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COEUR D'ALENE, Idaho (AP) — It's going to be interesting to see what prime real estate on Lake Coeur d'Alene goes for in the digital currency known as Bitcoin.
Hayden resident Alan Golub is selling a package of 660 contiguous acres overlooking Moscow Bay that includes the site of the once proposed and controversial Chateau de Loire development. He is seeking a virtual pile of bitcoins.
Golub was a real estate agent involved in the sale of approximately 570 acres to Kirk-Hughes Development, which attempted to establish Chateau de Loire. That proposed development featured French-themed luxury housing and a golf course.
Las Vegas-based Kirk-Hughes contracted to buy the land, but it ultimately didn't pay the real estate commission of $941,000, sparking multiple lawsuits, Golub said. He filed a lawsuit of his own, alleging fraud.
"It was a very high-priced property and it was a high commission," he said.
Nearly a decade after Kirk-Hughes blew into town in 2004, Golub purchased 50 acres at the site for $1.4 million in a sheriff's sale late last year.
"It's actually the most spectacular part of the property," Golub said Tuesday. "It's all of the waterfront."
His land includes 1,162 feet of deepwater frontage.
He is packaging his 50 acres and the property of two neighbors to come up with the 660 acres.
He and his neighbors believe their land is worth more if sold as one massive bundle.
So what's the property worth?
"This brings me to Bitcoin," Golub said.
Golub, a technical advisor to the Kootenai Technical Education Campus and a substitute teacher in the Rathdrum school district, traveled to Miami for the North American Bitcoin Conference in late January.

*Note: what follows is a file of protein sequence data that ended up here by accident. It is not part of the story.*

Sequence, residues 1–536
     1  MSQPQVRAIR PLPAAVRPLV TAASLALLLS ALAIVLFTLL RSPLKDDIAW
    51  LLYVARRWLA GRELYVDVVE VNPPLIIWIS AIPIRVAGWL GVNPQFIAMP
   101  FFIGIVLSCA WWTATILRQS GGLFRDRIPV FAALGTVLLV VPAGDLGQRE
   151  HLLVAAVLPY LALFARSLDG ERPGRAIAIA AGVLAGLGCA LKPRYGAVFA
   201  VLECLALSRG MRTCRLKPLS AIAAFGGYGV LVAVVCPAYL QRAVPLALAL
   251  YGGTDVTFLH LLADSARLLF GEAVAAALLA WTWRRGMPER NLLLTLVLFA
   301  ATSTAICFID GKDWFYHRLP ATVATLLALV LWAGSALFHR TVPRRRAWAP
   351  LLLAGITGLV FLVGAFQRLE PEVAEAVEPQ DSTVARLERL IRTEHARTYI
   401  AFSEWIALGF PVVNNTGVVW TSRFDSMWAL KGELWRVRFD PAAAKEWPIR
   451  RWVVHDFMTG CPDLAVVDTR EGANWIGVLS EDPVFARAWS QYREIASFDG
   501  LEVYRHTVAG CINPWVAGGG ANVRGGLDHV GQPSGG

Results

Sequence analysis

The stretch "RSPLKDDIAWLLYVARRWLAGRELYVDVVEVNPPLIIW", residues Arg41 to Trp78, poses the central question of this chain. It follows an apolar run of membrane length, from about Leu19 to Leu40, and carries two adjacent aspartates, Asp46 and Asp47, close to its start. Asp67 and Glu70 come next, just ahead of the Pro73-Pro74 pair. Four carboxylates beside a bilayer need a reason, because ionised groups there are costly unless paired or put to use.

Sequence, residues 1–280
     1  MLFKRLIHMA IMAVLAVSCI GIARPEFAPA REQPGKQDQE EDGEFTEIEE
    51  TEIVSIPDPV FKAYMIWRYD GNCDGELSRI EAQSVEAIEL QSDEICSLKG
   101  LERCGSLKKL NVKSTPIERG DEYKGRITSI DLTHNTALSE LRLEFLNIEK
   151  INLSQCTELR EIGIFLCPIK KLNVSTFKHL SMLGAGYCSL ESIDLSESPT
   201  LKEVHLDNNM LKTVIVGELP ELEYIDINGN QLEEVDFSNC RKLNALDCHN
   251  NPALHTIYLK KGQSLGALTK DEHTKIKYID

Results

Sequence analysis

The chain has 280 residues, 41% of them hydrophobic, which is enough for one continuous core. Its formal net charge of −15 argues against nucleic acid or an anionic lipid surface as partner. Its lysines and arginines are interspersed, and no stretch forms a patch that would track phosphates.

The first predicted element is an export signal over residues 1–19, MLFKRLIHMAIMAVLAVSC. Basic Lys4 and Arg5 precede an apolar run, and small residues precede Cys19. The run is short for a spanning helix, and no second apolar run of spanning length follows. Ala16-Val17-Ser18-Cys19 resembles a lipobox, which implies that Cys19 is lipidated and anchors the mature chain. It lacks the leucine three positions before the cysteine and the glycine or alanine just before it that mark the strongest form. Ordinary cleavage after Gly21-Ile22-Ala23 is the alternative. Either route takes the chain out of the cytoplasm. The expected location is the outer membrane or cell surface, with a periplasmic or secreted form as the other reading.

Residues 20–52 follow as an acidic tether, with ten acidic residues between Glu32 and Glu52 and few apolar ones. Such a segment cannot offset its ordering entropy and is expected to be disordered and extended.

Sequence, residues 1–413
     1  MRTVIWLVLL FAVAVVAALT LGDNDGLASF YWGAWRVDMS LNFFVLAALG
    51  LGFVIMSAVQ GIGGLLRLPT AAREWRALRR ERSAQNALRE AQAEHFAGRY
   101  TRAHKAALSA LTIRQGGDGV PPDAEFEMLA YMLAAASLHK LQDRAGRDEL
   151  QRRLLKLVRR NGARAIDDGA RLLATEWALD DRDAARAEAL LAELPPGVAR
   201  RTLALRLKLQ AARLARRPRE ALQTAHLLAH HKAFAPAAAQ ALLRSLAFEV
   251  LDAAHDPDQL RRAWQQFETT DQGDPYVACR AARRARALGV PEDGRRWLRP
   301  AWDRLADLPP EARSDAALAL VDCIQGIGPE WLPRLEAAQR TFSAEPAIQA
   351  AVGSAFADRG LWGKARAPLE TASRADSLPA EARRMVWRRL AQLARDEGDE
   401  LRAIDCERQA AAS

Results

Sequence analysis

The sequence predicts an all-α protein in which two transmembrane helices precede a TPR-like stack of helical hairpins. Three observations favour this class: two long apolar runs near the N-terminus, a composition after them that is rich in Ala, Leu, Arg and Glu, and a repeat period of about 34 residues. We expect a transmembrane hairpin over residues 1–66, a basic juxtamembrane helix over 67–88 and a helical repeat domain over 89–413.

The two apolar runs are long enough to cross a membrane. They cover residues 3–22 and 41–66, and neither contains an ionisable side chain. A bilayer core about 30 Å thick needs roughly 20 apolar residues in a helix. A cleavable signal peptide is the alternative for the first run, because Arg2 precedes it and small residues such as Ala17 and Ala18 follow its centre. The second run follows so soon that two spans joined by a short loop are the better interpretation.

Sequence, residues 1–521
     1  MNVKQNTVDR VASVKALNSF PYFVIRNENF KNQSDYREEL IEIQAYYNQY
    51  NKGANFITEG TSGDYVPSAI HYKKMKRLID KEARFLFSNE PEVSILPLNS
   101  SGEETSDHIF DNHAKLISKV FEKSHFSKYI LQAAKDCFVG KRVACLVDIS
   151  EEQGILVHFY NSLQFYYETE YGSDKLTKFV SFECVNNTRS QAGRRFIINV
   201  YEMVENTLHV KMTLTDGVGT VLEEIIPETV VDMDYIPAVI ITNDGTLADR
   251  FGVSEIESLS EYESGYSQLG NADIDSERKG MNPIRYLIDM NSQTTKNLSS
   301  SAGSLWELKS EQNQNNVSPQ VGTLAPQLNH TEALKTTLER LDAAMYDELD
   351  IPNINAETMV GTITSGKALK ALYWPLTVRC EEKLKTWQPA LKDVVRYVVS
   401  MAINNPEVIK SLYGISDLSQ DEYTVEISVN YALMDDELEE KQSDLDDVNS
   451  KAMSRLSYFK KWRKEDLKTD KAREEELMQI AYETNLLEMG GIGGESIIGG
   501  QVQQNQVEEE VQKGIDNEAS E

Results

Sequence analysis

In Miami, he made it known that he has some beautiful land in a beautiful place, "and I don't want U.S. dollars, I want bitcoins" for it, he said.
That said, he's committed to making sure the other two property owners he's working with get their asking price in U.S. dollars, if they don't ultimately opt for bitcoins.
He said he admires the people who have adopted bitcoin use.
"They're innovative, they're young, they're talented," he said. "Many of them are extremely wealthy."
When people at the Miami conference heard he was from Idaho, they recognized Idaho as a place where politicians regularly boast of a lightly regulated business environment, he said.
"I want to attract Bitcoin people to Idaho," he said.
He is banking on Bitcoin sticking around and hopes the sale of his property will get bitcoin use stimulated in North Idaho.
"Bitcoin fits in with the philosophy of the West," Golub said. "You have a chance to succeed and you have a chance to fail."
Ragnar Lifthrasir, who is in the process of launching a website that allows people to buy and sell real estate and vehicles with bitcoins, said Idaho isn't on a lot of people's radar right now.
"But once people learn more about Idaho, I have no doubt it could become the Bitcoin state," said Lifthrasir, of Orange County, Calif.
Idaho is attractive because of its culture of preferring limited government. Early adopters of bitcoin use are technologically savvy, entrepreneurial and libertarian-minded, he said.
"Alan can put Idaho in front of people," Lifthrasir, 36, said. "The personality of Idaho fits the personality of Bitcoin guys."
Along with his website for buying and selling property with bitcoins, Lifthrasir also has a bitcoin escrow system in place.
He sees Golub making a sale with bitcoin, and it could happen fast. The property will be listed on Lifthrasir's website, anark.re, which he said will launch in two weeks.
"He's going to attract a lot of international buyers," Lifthrasir said. "They view American real estate as a safe investment."
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